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I have this datasheet of the BC546 BJT:

enter image description here

I need to find the exit-conductivity at the operating point of 60mA and 4V, which I marked as a blue point in the i-v-characteristic. But no curve crosses through there. Does somebody maybe know how to create a curve which crosses through the operating point, so that I can derive the slope? Thanks a lot for all answers and ideas.

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    \$\begingroup\$ Is your "exit-conductivity" dic/dVce at this point? \$\endgroup\$
    – Antonio51
    May 15 at 15:15
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    \$\begingroup\$ @n328 The word you're looking for is "output conductance", though it's more common to talk about it as output impedance. \$\endgroup\$
    – Hearth
    May 15 at 15:25
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    \$\begingroup\$ Your operating point is poor for gain. Why there? \$\endgroup\$ May 15 at 16:23
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    \$\begingroup\$ The datasheet graph is for a transistor that has "typical' specs. Your transistor might have minimum or maximum specs then it will have a completely different operating point. \$\endgroup\$
    – Audioguru
    May 15 at 16:51
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    \$\begingroup\$ The simulator link is very interactive. Feel free to ask more questions \$\endgroup\$ May 15 at 19:00

4 Answers 4

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You can numerically or graphically interpolate the curves.

Your Q point operates at 240 mW and has an Ro = 450 Ω from the plot shown.

from datasheet :

  • Thermal Resistance, Junction−to−Ambient R_JA = 200 °C/W
  • This means junction temp rise will be .24*200 = 48 'C above worst-case ambient.

If Vcc = 2Vce + 2V = 10V for Ve=2V then the load line indicates 10V/ 100 mA = 10 Ohms

Because it is on the knee of the slope THD will be high unless you use negative feedback on the base with an Rcb/Rb ratio some fraction of your open-loop gain. This lowers Zo, Zin and THD by the gain reduction.

To choose Av and THD and output R and output swing with Vcc , you need to define these specs.

[![enter image description here][1]][1]
What is the p

What is your purpose for this BJT?

For high current use the BC547B and high gain use the BC547C as the BC546 has a DC gain range from 110 to 450. with nominal 50% of max.

bonus

Alternative Q point with negative feedback if one wants to reduce THD nonlinearity in gain.

enter image description here

The above used hFE = 150 and changing it to 250 increase Acl= - 72 from -65 so that is much more dependent on R ratios and less dependent on hFE.

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You have several choices:

  • Estimate the performance by interpolating between values estimated from the curves provided at nearby bias points (250 and 300 uA).

  • Measure the response of your parts on a curve tracer

  • Find a SPICE model for this part and (after verifying that the model reproduces the response curves for known bias points) use it to determine the parameters at your bias point.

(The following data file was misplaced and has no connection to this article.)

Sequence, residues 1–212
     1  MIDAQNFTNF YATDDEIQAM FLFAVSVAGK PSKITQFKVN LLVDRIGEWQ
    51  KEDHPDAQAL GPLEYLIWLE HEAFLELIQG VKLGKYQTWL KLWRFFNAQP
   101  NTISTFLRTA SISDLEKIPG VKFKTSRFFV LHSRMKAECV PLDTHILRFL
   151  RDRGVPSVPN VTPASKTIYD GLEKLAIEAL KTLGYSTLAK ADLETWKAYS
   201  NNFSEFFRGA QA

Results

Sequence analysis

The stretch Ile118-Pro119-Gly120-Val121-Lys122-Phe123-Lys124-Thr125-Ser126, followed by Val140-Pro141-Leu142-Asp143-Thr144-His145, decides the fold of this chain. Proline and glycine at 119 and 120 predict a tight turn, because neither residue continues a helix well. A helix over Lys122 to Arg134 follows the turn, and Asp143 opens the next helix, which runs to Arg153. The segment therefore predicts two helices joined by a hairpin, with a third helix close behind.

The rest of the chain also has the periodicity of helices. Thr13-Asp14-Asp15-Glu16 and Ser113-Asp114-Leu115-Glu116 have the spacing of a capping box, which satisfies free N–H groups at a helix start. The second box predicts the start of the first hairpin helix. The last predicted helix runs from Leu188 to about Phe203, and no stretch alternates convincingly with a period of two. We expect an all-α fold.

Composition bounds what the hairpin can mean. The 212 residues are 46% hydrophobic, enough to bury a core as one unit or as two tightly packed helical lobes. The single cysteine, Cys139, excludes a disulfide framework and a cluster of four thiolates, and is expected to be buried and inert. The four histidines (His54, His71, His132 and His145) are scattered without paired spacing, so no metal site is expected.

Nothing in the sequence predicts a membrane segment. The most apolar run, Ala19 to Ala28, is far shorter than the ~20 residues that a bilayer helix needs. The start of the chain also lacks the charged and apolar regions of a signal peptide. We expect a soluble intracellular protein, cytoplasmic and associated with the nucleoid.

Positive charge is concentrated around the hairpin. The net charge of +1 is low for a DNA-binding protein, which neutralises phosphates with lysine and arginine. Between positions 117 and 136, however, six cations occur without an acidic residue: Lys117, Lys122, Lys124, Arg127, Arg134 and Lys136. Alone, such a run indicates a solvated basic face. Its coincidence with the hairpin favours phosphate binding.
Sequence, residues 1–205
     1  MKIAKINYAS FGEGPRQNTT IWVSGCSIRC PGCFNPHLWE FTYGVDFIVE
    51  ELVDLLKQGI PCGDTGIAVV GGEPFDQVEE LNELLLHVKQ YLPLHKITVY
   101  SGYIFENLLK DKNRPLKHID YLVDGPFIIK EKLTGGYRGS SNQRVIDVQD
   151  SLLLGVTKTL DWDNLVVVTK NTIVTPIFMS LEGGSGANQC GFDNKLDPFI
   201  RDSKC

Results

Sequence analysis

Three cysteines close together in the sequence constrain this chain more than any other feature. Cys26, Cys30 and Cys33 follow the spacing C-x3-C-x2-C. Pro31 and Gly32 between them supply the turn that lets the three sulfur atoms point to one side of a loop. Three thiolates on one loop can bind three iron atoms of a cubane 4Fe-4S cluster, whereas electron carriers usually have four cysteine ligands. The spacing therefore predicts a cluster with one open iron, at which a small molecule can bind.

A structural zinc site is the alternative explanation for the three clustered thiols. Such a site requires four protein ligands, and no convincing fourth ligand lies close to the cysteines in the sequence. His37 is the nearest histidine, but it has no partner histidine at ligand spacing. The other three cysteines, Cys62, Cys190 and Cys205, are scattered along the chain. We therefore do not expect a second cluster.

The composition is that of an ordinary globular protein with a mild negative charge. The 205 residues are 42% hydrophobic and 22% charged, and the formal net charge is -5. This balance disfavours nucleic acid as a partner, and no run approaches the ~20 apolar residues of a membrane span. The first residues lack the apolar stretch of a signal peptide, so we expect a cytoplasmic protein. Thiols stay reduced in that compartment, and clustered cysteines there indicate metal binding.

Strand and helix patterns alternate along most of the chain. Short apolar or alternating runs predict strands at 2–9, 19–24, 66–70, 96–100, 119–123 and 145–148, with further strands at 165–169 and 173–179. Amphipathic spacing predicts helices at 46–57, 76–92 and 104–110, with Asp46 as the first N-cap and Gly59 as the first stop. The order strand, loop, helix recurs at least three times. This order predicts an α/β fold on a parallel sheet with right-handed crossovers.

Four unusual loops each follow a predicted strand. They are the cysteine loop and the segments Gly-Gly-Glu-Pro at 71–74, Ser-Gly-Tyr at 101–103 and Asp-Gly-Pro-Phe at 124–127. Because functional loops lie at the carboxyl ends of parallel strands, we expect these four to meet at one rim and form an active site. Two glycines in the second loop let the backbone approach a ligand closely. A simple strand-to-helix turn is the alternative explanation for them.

Given the limited accuracy with which you'd be able to estimate the slope of the curve from the printed chart, I'd think that even just using the curve for 250 uA without interpolation would provide comparable accuracy, assuming you can't find a SPICE model.

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If the spectrum of base current was continuous a curve would cross your operating point.From the chart the base current in your operating point will be between 250μΑ and 300μΑ.

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As @The Photon suggested, here an example of "spice model" simulated. microcap v12
NB: it can be a "little" different for some simulators.

enter image description here

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  • \$\begingroup\$ More than a "little different" AC \$h_{fe}=125~500\$. So this model uses 50% of Max AC small signal gain = 250. A much better choice is to use the binned versions with a suffix letter or the BC547C The tolerance error is that the hfe is rated at 2mA but here you are using 60 mA.. This looks like a modelling simplification that is not accurate \$\endgroup\$ May 15 at 16:58
  • \$\begingroup\$ In my case, hfe = ~260. But I was surprised that the curves are not really "similar" to the curves in the datasheet for low Vce :-( Should change some parameter ? \$\endgroup\$
    – Antonio51
    May 16 at 8:02
  • \$\begingroup\$ The above model does not show curvature due to saturation effects of hFE knee reduction and bulk resistance, Rce and is therefore inaccurate \$\endgroup\$ May 16 at 14:16
  • \$\begingroup\$ Rce is the far left slope is too steep, and hFE is too linear with even steps near saturation Vce<2V Vbe also has bulk resistance which affects why saturation in reality at high currents is Vce<2V and lowest current is Vce< 0.7V \$\endgroup\$ May 16 at 14:19
  • \$\begingroup\$ You can add estimate Rbe and Rce to the model in cct. All they are showing is a VAF Forward Early voltage slope, which is also dynamic from other effects including thermal which when hot increases hFE and shifts curve up and to the left. \$\endgroup\$ May 16 at 14:22

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